Should I Learn My Native Plugins First?

Updated: Feb 18, 2021

Let’s get down to brass tacks: you can likely accomplish everything a third-party plugin does using tools within your native DAW.


Your DAW, if you’re using a quality professional program (Abelton, FL, Logic, etc.), already comes packed with tools most people don’t take the time to master.


The common advice given by producers (who don’t have affiliate links) is that you should master your DAW’s native plugins before you purchase something third-party. This saves you cash and develops your skill with a plugin’s features. When you do finally decide to buy third-party, you’ll know how to use the tool effectively.


This advice is to prevent the mistake of buying gear you see the “pros” using and concluding that your music will instantly jump to a similar quality. What actually happens is you drop $50 on a compressor you don’t know how to use.


While a generally sage tip, I would push back a little against this conventional wisdom.


To sit on the fence, it really depends on what you’re buying.


I believe third-party plugin purchases should be measured by efficiency before quality.


What do I mean?


Since most DAWS come equipped with more than enough tools to get you started, the goal of a new plugin should be to make production faster, saving you more time than you would using the native sounds.


For example, you don’t need LFO tool to sidechain in your track. For example, In Logic Pro X you can use the old school method of routing all your instruments to a bus with a compressor. Same results, but this takes time to do: You have to set up a trigger, make a mix bus, dial in your compression settings, and route instruments. It’s not as efficient, speedy, or detailed as LFO Tool. When comparing the amount of control and ease, LFO Tool is a much better option.


So, you must weigh the options: “Hey, is the speed and simplicity of LFO tool worth the $70 bucks?” Classic opportunity cost.


That answer will depend on what you think as the producer. How often are you using sidechain? Is the cost reasonable in relation to the time saved?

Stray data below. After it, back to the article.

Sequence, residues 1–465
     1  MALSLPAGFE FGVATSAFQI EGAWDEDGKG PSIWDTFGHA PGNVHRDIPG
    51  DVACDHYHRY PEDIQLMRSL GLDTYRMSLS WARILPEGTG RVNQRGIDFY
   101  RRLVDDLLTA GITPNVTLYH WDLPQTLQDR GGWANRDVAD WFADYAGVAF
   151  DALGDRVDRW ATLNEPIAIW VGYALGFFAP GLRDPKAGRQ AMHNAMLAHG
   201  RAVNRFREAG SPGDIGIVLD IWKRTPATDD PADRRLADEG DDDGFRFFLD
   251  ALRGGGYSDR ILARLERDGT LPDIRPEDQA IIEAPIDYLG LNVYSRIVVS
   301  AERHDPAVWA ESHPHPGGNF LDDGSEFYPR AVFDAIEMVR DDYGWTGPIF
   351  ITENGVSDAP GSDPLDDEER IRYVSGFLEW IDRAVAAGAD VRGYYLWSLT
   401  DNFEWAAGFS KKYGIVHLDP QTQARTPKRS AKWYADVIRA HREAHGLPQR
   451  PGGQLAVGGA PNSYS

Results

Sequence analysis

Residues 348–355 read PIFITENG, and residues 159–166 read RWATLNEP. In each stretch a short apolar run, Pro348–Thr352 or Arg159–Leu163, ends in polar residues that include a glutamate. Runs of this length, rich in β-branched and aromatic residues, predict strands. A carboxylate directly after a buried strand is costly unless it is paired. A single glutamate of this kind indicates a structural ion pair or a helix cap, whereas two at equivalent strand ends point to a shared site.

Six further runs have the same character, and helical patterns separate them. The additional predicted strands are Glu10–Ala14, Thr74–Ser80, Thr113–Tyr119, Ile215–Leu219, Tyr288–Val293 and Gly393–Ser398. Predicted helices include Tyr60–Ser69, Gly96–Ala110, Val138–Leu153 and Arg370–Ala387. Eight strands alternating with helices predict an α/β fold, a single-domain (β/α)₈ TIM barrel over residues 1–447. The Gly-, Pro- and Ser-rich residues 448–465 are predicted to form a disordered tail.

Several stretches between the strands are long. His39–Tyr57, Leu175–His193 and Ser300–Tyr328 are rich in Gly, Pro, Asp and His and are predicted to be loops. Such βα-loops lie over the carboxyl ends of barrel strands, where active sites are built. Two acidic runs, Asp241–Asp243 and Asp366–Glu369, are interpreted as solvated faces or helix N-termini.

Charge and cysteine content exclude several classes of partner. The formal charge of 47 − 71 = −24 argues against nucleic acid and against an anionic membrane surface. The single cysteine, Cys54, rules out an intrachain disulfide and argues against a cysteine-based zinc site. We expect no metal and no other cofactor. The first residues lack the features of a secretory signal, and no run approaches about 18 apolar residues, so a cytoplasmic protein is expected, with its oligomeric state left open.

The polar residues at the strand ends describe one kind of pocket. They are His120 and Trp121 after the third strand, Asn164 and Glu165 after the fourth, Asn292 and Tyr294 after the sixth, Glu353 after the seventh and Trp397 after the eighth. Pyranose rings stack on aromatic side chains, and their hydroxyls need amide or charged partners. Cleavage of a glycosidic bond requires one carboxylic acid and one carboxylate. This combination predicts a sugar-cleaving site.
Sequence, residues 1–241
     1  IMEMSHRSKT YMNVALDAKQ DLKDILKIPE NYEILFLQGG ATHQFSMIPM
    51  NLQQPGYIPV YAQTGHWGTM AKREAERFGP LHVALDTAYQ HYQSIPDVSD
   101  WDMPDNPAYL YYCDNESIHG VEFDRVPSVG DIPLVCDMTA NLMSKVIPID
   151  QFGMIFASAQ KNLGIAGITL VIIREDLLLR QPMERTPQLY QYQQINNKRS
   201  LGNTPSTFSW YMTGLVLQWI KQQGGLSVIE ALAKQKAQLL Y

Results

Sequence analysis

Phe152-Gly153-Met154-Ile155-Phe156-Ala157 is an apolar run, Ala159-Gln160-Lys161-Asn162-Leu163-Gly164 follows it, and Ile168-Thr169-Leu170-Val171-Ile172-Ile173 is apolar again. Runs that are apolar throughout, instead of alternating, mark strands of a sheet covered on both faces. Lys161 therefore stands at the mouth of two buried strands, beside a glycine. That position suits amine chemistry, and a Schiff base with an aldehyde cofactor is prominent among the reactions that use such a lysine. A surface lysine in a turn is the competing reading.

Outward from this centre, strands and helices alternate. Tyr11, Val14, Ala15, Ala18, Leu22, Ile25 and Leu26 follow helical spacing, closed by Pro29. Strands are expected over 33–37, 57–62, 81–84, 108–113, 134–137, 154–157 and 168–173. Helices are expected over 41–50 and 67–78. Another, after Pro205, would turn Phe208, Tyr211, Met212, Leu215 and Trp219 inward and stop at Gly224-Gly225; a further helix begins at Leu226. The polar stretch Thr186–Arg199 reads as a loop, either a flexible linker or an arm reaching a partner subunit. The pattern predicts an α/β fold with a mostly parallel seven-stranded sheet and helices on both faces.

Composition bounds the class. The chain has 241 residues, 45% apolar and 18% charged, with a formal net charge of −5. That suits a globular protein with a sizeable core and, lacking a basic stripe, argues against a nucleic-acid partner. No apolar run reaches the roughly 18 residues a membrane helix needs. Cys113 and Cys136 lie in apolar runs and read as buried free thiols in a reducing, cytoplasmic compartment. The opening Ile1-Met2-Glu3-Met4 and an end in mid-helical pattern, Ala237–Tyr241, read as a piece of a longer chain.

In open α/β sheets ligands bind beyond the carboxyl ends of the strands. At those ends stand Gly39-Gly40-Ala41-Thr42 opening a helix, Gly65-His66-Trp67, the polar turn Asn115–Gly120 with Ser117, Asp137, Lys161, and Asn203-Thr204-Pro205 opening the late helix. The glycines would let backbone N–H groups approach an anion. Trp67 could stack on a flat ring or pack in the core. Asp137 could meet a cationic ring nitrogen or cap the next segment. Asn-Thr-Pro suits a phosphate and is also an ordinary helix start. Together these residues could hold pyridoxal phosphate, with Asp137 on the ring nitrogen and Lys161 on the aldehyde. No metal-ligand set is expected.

Another example: You can make a native Logic synth sound good, but it’s going to take a lot of work. I mean a LOT of work: tons of post-processing and resampling. Alternatively, you get Serum, buy a couple presets off Splice, and instantly match the results that would’ve taken hours to achieve with the ES2 (shudders).


So yeah. I would consider Serum a worthwhile option.


The same rule applies for sample packs too. I could spend 30 minutes making an 808, or drag & drop one into a sampler, ready for recording. Is it worth spending an hour making an electro house pre-clap when Vengeance gives you 10,000 to choose from?


After your simplicity problem is solved, then you can master your tools.

The next phase in the purchase evolution is purchasing better quality plugins, falling in line with the traditional advice.


Even in this stage, you should still think efficiency, especially if you’re a bedroom producer strapped for cash. Buy quality plugins that solve multiple problems.


If you’re a bass music producer, buying a bunch of WAVES Abbey Road EQs is not a worthwhile investment. Maybe getting a plugin like TRASH 2, that applies across multiple genres operates as different effects (filtering, distortion, compression, etc.) is a better investment.


In short, the less niche the plugin, the better that buy.


So, you’ve maximized efficiency, mastered general plugins, and have enough money to splurge. Now you have the skills and knowledge to make informed decisions about hyper-specific plugins, like some obscure analog emulated EQ or a particular vocal doubler.


Final Thoughts


Treat your purchases like a business expense: What is going to maximize your creative and quality output immediately? What’s a better long-term investment? These questions will help you waste less money and make more worthwhile decisions.

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